Integrity Matters
May 30, 2007

Leadership offers key to positive work atmosphere

Question: (E-283)

Two of my key staff members are at each other, way too often, and their tensions are hurting morale and productivity. What's the best way, as the boss, to help them "get over" their issues and perform more effectively? Losing either one is not acceptable, but something has to change, soon.


One of my mentors, Dr. L. J. Fletcher, often repeated this statement: "There is no substitute for the truth." And, what he meant about truth started with what we need to see in the mirror: ourselves, our own motives and words alongside behaviors. Relationships - whether as personal as marriage or as financially critical as those on the job - depend upon honesty, clarity and integrity.

How relationships come apart is as varied as the individuals themselves. Investing energy identifying the root cause can lead to time-consuming searches along pathways that frequently generate more heat than light.

When trust is broken, for just about any reason, the building blocks for communication and teamwork are at risk.
When one or both of the parties involved feels diminished, the drive to regain recognition, respect and power will kick in.

When the human spirit is injured, the protective armor of pride is placed over the not-so-obvious wounds, and light skirmishes can morph into bloody battles. The anger that follows is expressed in terms of challenges to authority, resentment, "the silent treatment" or even resistance to dealing with the other person, unless there are absolutely no alternatives.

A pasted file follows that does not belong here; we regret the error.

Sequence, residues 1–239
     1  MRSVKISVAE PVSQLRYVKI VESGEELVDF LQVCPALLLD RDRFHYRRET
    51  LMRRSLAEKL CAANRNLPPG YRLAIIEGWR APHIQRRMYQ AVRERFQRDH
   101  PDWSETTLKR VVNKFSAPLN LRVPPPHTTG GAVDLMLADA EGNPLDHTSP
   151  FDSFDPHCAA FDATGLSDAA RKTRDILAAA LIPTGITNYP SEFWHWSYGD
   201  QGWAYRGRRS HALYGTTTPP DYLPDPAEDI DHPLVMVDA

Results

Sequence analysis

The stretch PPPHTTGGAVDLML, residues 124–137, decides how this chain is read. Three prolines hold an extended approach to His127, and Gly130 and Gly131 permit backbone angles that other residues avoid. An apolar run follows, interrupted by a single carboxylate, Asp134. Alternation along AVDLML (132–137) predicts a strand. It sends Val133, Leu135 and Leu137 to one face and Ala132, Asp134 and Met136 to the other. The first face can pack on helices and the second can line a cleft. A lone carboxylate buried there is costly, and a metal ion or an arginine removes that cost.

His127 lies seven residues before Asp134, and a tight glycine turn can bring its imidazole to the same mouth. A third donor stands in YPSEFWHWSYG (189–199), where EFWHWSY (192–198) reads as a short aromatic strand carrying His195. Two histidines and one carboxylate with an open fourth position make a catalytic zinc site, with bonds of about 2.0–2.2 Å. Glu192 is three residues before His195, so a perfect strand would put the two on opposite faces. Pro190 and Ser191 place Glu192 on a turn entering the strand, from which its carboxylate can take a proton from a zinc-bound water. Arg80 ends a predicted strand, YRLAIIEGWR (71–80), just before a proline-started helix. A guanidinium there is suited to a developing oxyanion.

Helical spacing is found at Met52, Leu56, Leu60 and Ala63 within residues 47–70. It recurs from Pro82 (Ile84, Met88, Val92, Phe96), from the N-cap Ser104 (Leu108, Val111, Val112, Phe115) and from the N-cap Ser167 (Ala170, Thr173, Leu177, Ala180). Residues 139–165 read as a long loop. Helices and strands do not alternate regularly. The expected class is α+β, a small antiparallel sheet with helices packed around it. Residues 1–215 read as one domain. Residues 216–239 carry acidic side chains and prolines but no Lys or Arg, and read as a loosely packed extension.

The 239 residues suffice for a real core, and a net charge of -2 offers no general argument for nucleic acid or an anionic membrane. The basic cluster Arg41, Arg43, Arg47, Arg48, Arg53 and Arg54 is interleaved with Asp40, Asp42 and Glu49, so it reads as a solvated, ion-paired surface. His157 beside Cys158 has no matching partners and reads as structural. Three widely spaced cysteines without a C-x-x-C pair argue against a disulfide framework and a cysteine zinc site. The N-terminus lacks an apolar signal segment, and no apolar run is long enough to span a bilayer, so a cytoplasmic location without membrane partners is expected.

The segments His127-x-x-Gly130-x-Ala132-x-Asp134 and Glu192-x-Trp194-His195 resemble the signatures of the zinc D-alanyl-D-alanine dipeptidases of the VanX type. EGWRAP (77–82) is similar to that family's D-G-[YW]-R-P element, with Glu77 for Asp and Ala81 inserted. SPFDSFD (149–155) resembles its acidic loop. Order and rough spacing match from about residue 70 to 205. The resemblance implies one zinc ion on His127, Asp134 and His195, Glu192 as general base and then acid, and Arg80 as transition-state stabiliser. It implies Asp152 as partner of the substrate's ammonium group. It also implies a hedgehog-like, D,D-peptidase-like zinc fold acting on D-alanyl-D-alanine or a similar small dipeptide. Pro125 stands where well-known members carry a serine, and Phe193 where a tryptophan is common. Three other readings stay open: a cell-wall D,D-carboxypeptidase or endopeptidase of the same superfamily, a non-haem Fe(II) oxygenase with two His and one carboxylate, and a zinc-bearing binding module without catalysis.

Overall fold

A perceptive boss will make sure key people "fix" interpersonal problems. Some basic steps to consider include:

  1. Clarify the mutual value of each party, separately and then together, to underscore the importance of immediate constructive conflict resolution.
  2. Inform participants that you are not a referee, but rather a supervisor, and that their counter-productive behaviors are doing harm to the enterprise.
  3. Assuming you are in a position to do so, warn them that if they do not resolve their differences, in a timely and appropriate way, you will be forced to replace them both.
  4. Reset the strained working partnership by reminding the adversaries (past, present or future) that relationships are both complex and always in need of integrity-centered behaviors such as attention, careful listening and mutual support.

Integrity in relationships begins with courageous and focused leadership, at home and at work. It also demands consistent communication of the mission to all stakeholders.

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